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Yanas v. Hogan

New Jersey Supreme Court

Decided: July 12, 1945.


On appeal from the Middlesex County Court of Common Pleas.

For the plaintiff-appellee, Joseph T. Karcher.

For the defendant-appellants, Collins & Corbin (Edward A. Markley and Charles W. Broadhurst, of counsel).

Before Brogan, Chief Justice, and Justices Parker and Oliphant.


[133 NJL Page 189]

The opinion of the court was delivered by

OLIPHANT, J. This is an appeal from a judgment of the Middlesex County Court of Common Pleas rendered in favor of the plaintiff-appellee against the defendants-appellants.

The action was brought under the Death Act to recover damages for the pecuniary loss sustained by the death of Jennie Yanas, deceased. There were three sets of defendants joined in the action. After answers were filed, plaintiff settled with the defendants other than the appellants, giving to each of them a covenant not to sue and the action was discontinued as against them.

The deceased was standing on a safety isle in State Highway Route 35 near the intersection of Oak Street in the Borough of Sayreville, Middlesex County. The first count of the complaint alleged that she was struck by the automobile of the defendant Stroin and the second count alleged negligence in the operation of his automobile as against the defendant Bernabei. The third count charged that the appellants here were negligent in the performance of work being done by them on the road adjacent to the safety isle, under contract with the State Highway Department, and because of such negligence the automobile of the defendant Stroin, or that of defendant Bernabei, or both, struck the decedent and caused her death. There was no count in the complaint alleging joint or concurring negligence.

At the conclusion of the testimony a motion was made for a direction of a verdict in favor of the appellants which was denied. It is now claimed such was error. The ground of the motion was that there was no evidence of negligence on the part of the appellants which was the proximate cause of the death of plaintiff's intestate.

It is significant that no motion for a nonsuit was made at the close of plaintiff's case. From this fact it is fair to infer, that at least at that point, appellants realized that a jury question was presented on the question of their negligence.

[133 NJL Page 190]

It will serve no useful purpose to review the testimony in detail. It was conflicting. There was evidence presented that the manner in which heavy logs were deposited in the safety isle, the position in which barricades were placed in the road shutting off two lanes of traffic on a three lane highway and the size and positions of warning signs all did not conform to standard practices and construction, and that by reason of all these acts the defendant Stroin, coming to this portion of the highway, was caused to apply his brakes suddenly and make a sharp turn in a small space. He skidded on to the safety isle, struck one of the logs, which broke his steering apparatus and caused him to lose control of his car, after which he struck deceased.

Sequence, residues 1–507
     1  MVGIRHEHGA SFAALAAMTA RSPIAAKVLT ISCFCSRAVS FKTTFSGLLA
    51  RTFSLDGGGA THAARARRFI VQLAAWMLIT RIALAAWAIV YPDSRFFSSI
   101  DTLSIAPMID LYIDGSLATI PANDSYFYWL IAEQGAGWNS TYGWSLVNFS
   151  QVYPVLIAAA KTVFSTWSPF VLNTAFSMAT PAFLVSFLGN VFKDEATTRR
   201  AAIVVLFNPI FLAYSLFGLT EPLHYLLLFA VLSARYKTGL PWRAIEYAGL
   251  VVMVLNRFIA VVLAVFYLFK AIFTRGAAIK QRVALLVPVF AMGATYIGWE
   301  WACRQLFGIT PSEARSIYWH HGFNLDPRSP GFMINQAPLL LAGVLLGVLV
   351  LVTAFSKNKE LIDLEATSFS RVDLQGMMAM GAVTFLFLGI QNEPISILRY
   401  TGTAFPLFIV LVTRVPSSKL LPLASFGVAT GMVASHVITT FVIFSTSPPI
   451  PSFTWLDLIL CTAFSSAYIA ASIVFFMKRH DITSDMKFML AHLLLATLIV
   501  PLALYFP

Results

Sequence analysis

The facts being in dispute, the questions of negligence and proximate cause were properly left to the jury. Schreiner v. Delaware, Lackawanna and Western Railroad Co., 98 N.J.L. 899. To enable the court to take from a jury the question of whether or not the negligence of the defendant is the proximate cause of the injury, the facts must not only be undisputed, but the inferences to be drawn therefrom must be such that fair-minded men ought not to differ about them. Podolsky v. Sautter, 102 Id. 598; McKittrick v. Dugan Bros. of New Jersey, Inc., 119 Id. 605. It is also a jury question, on conflicting testimony, to determine whose negligence, of several persons contributing to the injury, was the or a proximate cause thereof.

Appellants argue that the word "proximate" indicates that there must be no other culpable or efficient agency intervening between defendants' dereliction and the loss, but it is well settled that an intervening cause will not relieve from liability where the prior negligence was the efficient cause of the injury. Daniel v. Gielty Trucking Co., 116 N.J.L. 172. "The mere fact that another person concurs or co-operates in producing the injury or contributes thereto, in any degree, whether large or small, is of no importance, * * *. It is immaterial how many others have been at fault, if the defendant's act was an efficient cause of the injury." Daniel v. Gielty Trucking Co., supra, citing 1 Shearm. & R. Negl., ยง 31.

[133 NJL Page 191]

If the means employed by appellants to warn and guide traffic were inadequate to effectuate this purpose and fell short of the requirements of reasonable care for the safety of other users of the highway, they were negligent. If they obstructed the highway by barricades or by placing timbers thereon and this was done without the exercise of due care, they were negligent. Under the proofs these were properly questions for the jury as was the question of whether or not the negligence, if any then existed, was the or a proximate cause of death of plaintiff's intestate.

The judgment is affirmed, with costs.


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